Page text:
We stay true to our values which is why sustainability is so important to us. We believe that a truly successful, enduring business must operate in a way that benefits all of its stakeholders.
Planet, People and Profit
Part of our role in the local food system is to consider how our operations are affecting the Earth. In a perfect world, we would purchase the exact amount of produce for the following week, receive that exact amount from our farmers/suppliers, and deliver that produce to our valued customers.
But that's not always the case.
Some produce is leftover because we ordered more than we actually delivered. Some customers have to go out of town and cancel a delivery. The balance between supply and demand is endless.
To manage any excess produce, Boston Organics has built relationships with local companies and organizations specializing in diverting food waste from the landfill to a second act of sorts. When excess produce is in good quality, we donate it to Food For Free. Food For Free rescues fresh produce and distributes it to vulnerable local communities.
Organic farming is not without its challenges. Produce is more vulnerable to pests, critters, and increasingly unpredictable weather patterns.
The produce that can’t be donated (even from our own break room!) gets picked up by Black Earth Compost!
Who is Black Earth Compost?
Photo from Black Earth Compost
Black Earth Compost’s mission is to divert the nutrients in compostable material from landfills and incinerators, and return them to our soils as a natural fertilizer and soil amendment. Every Friday, Black Earth Compost comes to our warehouse in Charlestown to collect the expired produce from our bins. Black Earth Compost will also pick up compost from other businesses in the area before finally heading back to their facility in Manchester, MA.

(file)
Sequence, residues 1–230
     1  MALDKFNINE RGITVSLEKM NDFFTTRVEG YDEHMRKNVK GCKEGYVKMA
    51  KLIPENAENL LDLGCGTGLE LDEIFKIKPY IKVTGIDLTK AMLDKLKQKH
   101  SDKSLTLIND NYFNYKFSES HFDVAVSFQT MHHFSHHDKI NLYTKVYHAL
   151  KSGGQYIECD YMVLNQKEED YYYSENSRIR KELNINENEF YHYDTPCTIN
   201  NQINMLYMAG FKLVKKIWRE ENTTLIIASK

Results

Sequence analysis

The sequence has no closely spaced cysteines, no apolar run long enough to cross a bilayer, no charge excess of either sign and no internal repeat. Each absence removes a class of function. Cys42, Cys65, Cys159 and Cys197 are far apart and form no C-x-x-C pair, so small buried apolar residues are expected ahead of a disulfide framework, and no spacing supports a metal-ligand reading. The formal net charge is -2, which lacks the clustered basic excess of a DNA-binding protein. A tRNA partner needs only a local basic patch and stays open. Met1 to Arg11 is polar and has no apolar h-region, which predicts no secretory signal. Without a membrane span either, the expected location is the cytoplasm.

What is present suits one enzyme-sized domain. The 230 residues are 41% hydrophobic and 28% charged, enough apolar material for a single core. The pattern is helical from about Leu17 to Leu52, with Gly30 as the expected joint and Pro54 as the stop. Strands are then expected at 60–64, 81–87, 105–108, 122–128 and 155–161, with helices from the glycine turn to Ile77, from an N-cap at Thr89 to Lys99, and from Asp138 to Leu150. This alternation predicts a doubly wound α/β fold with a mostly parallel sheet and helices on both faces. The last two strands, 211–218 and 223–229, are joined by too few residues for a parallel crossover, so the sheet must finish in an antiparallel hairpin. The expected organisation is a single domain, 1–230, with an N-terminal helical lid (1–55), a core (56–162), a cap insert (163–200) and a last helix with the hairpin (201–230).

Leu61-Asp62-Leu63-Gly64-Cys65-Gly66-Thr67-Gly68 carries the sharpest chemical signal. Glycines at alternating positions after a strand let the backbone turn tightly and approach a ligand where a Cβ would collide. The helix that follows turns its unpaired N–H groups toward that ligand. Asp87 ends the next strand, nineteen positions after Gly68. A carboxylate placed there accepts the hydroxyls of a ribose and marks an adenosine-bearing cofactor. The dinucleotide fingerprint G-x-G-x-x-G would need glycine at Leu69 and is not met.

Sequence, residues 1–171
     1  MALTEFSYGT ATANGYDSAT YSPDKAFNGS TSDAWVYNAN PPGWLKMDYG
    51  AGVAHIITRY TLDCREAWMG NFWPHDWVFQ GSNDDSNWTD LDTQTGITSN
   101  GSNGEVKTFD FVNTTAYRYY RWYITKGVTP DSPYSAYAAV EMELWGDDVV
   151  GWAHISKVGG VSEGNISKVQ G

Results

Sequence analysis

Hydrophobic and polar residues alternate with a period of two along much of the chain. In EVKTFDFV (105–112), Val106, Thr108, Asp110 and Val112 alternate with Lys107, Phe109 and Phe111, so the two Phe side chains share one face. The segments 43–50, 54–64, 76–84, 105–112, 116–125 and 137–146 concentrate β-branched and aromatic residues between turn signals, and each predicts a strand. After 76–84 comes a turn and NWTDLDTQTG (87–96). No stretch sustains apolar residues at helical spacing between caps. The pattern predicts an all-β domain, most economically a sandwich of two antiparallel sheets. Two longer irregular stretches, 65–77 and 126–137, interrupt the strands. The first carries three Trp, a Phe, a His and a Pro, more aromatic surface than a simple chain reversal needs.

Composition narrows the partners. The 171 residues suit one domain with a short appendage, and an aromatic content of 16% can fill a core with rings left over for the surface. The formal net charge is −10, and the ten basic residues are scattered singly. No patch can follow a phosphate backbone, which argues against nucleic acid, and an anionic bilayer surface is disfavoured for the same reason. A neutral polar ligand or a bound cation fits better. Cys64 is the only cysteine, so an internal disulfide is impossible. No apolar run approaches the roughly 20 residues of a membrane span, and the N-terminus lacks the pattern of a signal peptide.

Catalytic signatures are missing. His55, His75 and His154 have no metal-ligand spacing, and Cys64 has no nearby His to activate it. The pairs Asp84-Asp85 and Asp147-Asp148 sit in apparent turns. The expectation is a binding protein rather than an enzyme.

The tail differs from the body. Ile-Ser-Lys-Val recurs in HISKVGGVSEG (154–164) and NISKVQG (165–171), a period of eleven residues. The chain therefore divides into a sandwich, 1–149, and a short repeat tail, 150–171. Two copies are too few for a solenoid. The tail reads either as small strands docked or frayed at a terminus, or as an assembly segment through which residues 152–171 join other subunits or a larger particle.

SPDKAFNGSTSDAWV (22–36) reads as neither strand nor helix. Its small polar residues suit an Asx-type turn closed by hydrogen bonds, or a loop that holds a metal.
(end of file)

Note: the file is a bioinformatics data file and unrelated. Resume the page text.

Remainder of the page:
Our compost bins on a Thursday, they sure do fill up!
Once collected, the composting begins at their facility! Their crew mixes food waste containing high levels of nitrogen, paper/wood materials containing high levels of carbon, and water (naturally through rain, or a good old-fashioned hose). Over time, little microbes that munch on food waste break down the material into compost. The compost pile is monitored, stirred, and aerated frequently to create the ideal environment for the microbes. At Black Earth Compost, it can take around 6 month to decompose into compost.
Did you know compost piles can reach temperatures of 140°F?
Gif from Black Earth Compost
Black Earth's compost can be bought at garden stores, in small batches, and they will install a small raised garden bed for you to try your own green thumb.
To learn more about Black Earth Compost and ways you can compost at home, visit their website. To learn more about how we've incorporated ugly produce into our business, read our blog.
Do you have any composting tips and tricks? Share it with the community in the comments below!